According to Shaun Rein, founder of the consultancy firm China Market Research, luxury consumption on the mainland has matured. Demand for gaudy bling and fake merchandise, which dominated some 15 years ago, has evolved into taste and appreciation for genuine, luxurious and high- quality products. “It’s no longer enough to tote a Chanel handbag if you don’t have the elegance to carry it off,” says Rein. “In the past few years, the focus has been on education and manners. You might have a farmer or factory worker who became rich because he was brilliant in business. But he’s looked down on for his lack of manners. He doesn’t want the next generation to be the same.”
Another channel for etiquette schools in China is via business-to-business (B2B). Five-star hotels and luxury brands – from Gucci, Givenchy and Cartier to the Ritz-Carlton, Waldorf Astoria, InterContinental and St Regis – have employed de Bernadac to instruct their staff. And coaching for butlers is also in demand.
Significantly, China is in the process of developing a national system called Social Credit, as a way of improving governance and market order, and incentivising citizen and corporate behaviour. For example, fraudulent and antisocial behaviour would bring down the total scores, while making charitable donations and taking on voluntary work contribute points.
De Bernadac is hoping the system will have a positive impact on his business, especially if the scope of behaviour is widened to include basic etiquette.
Local government is also catching on. Shanghai’s municipal government, for example, recently enlisted de Bernadac’s academy to train hospital staff in handling the public in different situations, and to teach schoolchildren how to be well-mannered on trips abroad. The contract involves a total of 600 lessons – each three hours long – in a single month. Too big a challenge for the six instructors Academié de Bernadac employs, de Bernadac consequently trained local teachers, who in turn led the lessons. This is something else the academy will soon offer, he says: etiquette training specifically for teachers.
Demand for VIP-training events from cosmetics, fashion and jewellery brands is also enormous, according to de Bernadac, who says Academie de Bernadac’s annual growth ranges between 30 and 100 per cent for each of the six years it has been in business.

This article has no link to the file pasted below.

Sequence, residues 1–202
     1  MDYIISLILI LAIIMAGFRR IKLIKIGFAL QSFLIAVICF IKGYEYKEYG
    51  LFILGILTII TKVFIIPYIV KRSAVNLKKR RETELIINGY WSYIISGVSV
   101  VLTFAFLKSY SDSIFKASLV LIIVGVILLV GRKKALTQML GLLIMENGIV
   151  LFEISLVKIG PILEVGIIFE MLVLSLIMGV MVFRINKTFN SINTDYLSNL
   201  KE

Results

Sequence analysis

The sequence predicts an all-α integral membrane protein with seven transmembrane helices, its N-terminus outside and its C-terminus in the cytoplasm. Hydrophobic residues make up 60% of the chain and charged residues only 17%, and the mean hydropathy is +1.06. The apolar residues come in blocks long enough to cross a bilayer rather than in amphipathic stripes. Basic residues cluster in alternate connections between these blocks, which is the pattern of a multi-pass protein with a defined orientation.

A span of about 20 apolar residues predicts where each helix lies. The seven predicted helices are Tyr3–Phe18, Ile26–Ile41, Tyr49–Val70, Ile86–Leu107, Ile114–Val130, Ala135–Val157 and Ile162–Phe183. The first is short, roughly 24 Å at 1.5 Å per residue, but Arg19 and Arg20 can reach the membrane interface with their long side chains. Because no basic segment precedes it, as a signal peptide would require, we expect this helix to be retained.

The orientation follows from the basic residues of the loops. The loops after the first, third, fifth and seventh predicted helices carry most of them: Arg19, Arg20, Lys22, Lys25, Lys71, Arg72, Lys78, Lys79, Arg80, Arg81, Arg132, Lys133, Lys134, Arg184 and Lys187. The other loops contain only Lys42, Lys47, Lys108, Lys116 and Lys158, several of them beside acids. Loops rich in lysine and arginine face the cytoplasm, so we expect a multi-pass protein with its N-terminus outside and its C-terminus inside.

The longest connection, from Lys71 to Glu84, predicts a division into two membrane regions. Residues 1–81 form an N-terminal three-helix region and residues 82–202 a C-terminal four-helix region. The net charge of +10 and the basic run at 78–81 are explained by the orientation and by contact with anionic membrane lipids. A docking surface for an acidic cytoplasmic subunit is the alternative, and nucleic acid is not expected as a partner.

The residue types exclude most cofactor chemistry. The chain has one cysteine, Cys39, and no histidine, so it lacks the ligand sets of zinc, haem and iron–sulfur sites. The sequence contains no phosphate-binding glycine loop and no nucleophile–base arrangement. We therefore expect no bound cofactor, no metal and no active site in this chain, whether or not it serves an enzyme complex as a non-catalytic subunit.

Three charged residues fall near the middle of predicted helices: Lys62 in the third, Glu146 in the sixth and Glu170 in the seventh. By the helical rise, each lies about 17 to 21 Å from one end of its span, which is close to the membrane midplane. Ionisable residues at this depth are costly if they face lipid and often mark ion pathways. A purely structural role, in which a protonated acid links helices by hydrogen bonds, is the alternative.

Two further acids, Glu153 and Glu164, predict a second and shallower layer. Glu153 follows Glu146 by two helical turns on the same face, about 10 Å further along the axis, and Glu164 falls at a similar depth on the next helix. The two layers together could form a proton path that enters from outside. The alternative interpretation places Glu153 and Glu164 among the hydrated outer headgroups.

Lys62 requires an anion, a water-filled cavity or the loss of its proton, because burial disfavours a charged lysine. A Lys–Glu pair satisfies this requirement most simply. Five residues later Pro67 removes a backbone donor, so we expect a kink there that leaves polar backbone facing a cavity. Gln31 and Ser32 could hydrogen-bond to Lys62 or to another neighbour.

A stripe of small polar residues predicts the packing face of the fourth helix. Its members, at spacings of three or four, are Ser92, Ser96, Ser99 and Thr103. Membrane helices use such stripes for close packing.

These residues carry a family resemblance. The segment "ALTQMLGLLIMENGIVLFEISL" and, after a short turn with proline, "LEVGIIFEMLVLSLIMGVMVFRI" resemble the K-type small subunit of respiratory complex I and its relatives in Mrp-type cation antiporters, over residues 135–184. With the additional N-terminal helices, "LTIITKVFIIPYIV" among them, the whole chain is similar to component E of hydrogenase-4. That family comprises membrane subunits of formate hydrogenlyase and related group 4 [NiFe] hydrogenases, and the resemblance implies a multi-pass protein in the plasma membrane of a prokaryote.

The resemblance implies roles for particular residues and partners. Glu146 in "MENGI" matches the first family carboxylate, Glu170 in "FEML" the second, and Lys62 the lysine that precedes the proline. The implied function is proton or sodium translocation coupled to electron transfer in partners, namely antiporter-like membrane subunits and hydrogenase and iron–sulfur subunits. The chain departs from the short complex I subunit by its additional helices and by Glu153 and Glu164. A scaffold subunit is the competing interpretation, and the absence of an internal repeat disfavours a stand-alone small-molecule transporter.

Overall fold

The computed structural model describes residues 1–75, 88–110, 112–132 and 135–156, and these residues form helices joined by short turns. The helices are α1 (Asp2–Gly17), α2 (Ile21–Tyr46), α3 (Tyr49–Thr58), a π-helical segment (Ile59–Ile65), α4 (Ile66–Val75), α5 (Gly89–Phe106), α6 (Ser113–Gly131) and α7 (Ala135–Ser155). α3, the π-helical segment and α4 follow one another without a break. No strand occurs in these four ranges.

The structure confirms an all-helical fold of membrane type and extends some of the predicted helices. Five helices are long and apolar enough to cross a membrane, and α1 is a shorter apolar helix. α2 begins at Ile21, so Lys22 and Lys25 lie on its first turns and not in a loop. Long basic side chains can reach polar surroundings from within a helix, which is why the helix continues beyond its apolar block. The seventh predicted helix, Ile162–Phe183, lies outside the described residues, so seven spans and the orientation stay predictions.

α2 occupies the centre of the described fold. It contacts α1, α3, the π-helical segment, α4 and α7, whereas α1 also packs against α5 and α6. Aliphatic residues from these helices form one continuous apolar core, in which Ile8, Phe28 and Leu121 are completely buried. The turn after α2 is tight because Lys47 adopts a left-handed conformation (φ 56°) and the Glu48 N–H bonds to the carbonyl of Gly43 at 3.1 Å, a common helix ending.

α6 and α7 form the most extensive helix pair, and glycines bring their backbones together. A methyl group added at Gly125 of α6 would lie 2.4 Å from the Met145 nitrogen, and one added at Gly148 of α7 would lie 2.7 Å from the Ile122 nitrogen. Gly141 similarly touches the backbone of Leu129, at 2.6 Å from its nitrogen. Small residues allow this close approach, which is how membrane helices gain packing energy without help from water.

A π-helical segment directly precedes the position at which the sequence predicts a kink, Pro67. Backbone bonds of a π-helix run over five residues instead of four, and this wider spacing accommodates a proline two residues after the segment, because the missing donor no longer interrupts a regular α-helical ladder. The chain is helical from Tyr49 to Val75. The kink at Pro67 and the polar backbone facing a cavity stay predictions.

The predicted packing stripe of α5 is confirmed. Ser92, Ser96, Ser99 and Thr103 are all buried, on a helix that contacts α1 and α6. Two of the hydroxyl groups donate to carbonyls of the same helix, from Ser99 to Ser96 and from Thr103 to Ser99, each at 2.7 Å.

Meanwhile, other etiquette schools are jumping on the bandwagon, from local companies to branches of Western outfits. London-based British Etiquette Tutors, for example, recently opened an office in Beijing, while other new players include Stanhope Etiquette School in Shanghai and Chengli Academy in Beijing.
Etiquette classes are also mushrooming online. Ho is working on producing digital lessons via WeChat that will enable her to reach beyond tier one cities – she believes the potential of tapping tier two, three and four cities in China is colossal. Her “virtual etiquette school” – which she says will be an extension of her finishing school – will consist mostly of video tutorials (it was due to be launched around Lunar New Year at the time of going to print). Academié de Bernadac is taking its business online next year.
Reciprocally, the number of people around the world interested in China is growing, from learning the Mandarin language to understanding Confucianism and Taoism. For example, the US-China Strong Foundation in Washington, DC, predicts the number of US residents studying Mandarin will reach one million in 2020.
Institute Sarita offers virtual courses in Chinese business etiquette on various topics, including traditional banquets, greetings, and formal titles. De Bernadac, who says his academy has a large number of Western followers on social media, will launch a course in summer (3,888 yuan per day) that will cover Chinese dining, business and social manners.
Note: This story was originally published on SCMP and has been republished on this website.